|Blunt's Charitable Giving Act allows senior IRA savers to give tax free to favorite charities
Welcoming the news presented by Congressman Roy A. Blunt (left of podium) of the passage of the Charitable Giving Act of 2005 is Curt Betebenner, executive director-benefits of the Missouri Southern Foundation. Surrounding them from L-R are Bill Putnam of the Community Foundation of Southwest Missouri; John Tiede, Missouri Southern Foundation's director of major gifts/planning; Terri Heckmaster, executive director of the Freeman Foundation and David Dillon, director of the Mercy Regional Health Foundation.
Local fund-raisers heralded passage of the Charitable Giving Act of 2005, legislation introduced by Congressman Roy A Blunt (R-MO) and co-sponsored by Harold Ford (D-TN) that became a part of the Pension Protection Act of 2006 signed into law by President George Bush on August 17, 2006. They met today in a brief ceremony at Missouri Southern State University in Joplin.
Among the charitable tax incentives included in the legislation, and in effect for 2006 and 2007, is an IRA rollover provision benefiting the wealthy that allows them, if they are age 70½ and older, to make donations to public charities up to $100,000 from an IRA without having to count the donation as taxable income. The distribution must be set up so that it goes directly to the public charitable organization named.
Retired Bradleyville businessman and philanthropist James Leon Combs and his wife Dot made one of the first such gifts in the region to the Skaggs Foundation in Branson, Blunt announced.
Skaggs Community Health Center will receive the entire gift without Washington taking a $40,0000 cut," Blunt said. "The new law enhances the value of the gift. It's a great deal for the charity and the people who will benefit from the medical care the medical center provides. It's a good deal for Mr. Combs, too."
The bill also also exempts blood banks from certain excise taxes and provides tax deductions for restaurants and other businesses that make donations of food inventory to food banks and pantries, Blunt pointed out.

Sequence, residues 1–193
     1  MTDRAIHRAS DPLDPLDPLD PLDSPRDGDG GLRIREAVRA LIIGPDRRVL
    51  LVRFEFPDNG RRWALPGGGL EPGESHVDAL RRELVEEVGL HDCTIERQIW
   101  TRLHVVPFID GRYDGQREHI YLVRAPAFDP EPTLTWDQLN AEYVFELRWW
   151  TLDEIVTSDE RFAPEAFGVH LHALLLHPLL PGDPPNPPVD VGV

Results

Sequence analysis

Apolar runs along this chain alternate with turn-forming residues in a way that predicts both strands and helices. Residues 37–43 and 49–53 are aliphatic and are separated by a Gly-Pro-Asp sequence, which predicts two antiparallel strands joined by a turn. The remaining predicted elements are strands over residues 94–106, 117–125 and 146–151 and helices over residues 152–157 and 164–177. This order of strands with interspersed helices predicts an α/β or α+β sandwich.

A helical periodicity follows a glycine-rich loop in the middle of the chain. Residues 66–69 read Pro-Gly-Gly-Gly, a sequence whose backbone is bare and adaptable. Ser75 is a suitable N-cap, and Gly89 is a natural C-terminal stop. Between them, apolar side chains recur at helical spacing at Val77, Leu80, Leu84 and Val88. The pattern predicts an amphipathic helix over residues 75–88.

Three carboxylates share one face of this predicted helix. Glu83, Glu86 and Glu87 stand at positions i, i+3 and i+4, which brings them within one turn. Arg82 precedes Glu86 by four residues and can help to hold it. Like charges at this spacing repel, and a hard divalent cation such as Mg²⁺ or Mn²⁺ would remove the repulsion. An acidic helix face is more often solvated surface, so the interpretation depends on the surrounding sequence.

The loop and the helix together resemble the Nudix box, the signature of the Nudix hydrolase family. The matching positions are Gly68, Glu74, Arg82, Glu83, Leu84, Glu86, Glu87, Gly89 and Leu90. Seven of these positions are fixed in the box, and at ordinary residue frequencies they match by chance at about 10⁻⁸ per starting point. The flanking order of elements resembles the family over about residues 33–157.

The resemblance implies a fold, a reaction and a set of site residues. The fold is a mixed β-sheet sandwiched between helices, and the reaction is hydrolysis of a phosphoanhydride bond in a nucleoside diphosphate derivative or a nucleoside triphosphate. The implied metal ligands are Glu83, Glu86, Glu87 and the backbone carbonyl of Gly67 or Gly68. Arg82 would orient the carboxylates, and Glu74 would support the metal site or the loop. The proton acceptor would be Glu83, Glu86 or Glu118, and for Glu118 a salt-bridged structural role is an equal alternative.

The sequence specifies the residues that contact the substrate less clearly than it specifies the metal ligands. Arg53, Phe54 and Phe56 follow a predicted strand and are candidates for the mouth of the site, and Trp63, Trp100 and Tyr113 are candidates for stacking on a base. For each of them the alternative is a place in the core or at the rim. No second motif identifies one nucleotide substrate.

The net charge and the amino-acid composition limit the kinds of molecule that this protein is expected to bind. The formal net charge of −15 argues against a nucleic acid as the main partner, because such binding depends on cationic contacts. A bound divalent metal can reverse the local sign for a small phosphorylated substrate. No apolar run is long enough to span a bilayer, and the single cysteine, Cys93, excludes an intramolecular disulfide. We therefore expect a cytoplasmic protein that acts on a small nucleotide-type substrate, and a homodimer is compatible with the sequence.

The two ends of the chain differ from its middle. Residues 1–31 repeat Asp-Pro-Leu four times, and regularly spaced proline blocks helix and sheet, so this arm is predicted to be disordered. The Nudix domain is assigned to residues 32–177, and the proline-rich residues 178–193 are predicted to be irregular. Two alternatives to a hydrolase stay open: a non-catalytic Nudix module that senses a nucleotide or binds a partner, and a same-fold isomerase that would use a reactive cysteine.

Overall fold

In commenting about the short length of time the bill allows for setting up the charitable distribution, John Tiede, director of gifts and planning for the Missouri Southern Foundation, called the two years a "test to see the tax impact." He cited the law as creating "potential for gift-giving heretofore unable to obtain."
Terri Heckmaster, executive director of the Freeman Foundation, described the new rule as an opportunity for donors to create living legacies--"to experience the joy," she said, "during one's lifetime of having made contributions". She hopes that the the age requirement is lowered for those 59 1/2 wanting to contribute.
"[People] should be able to do it at 59 1/2," Blunt said, "but we couldn't get this passed."
Younger taxpayers of all ages, on the other hand, will be facing somewhat stricter rules for documenting their charitable deductions when they itemize them on their tax returns, a provision that is expected to cut down substantially on the creation of fraudulent returns. Starting in 2007, taxpayers will need to keep receipts documenting all monetary donations they claim as charitable deductions on their tax return and have appraisals for all donated items valued in excess of $500.
Another provision, effective January 1, 2007, is that a beneficiary other than a spouse will not be subject to immediate income tax on a lump sum distribution from a qualified retirement plan at the owner's death. This is a new opportunity requiring certain conditions that provide for an adult child, or for a partner who is not a spouse.
For a link to a detailed summary of the giving incentives and reforms go here.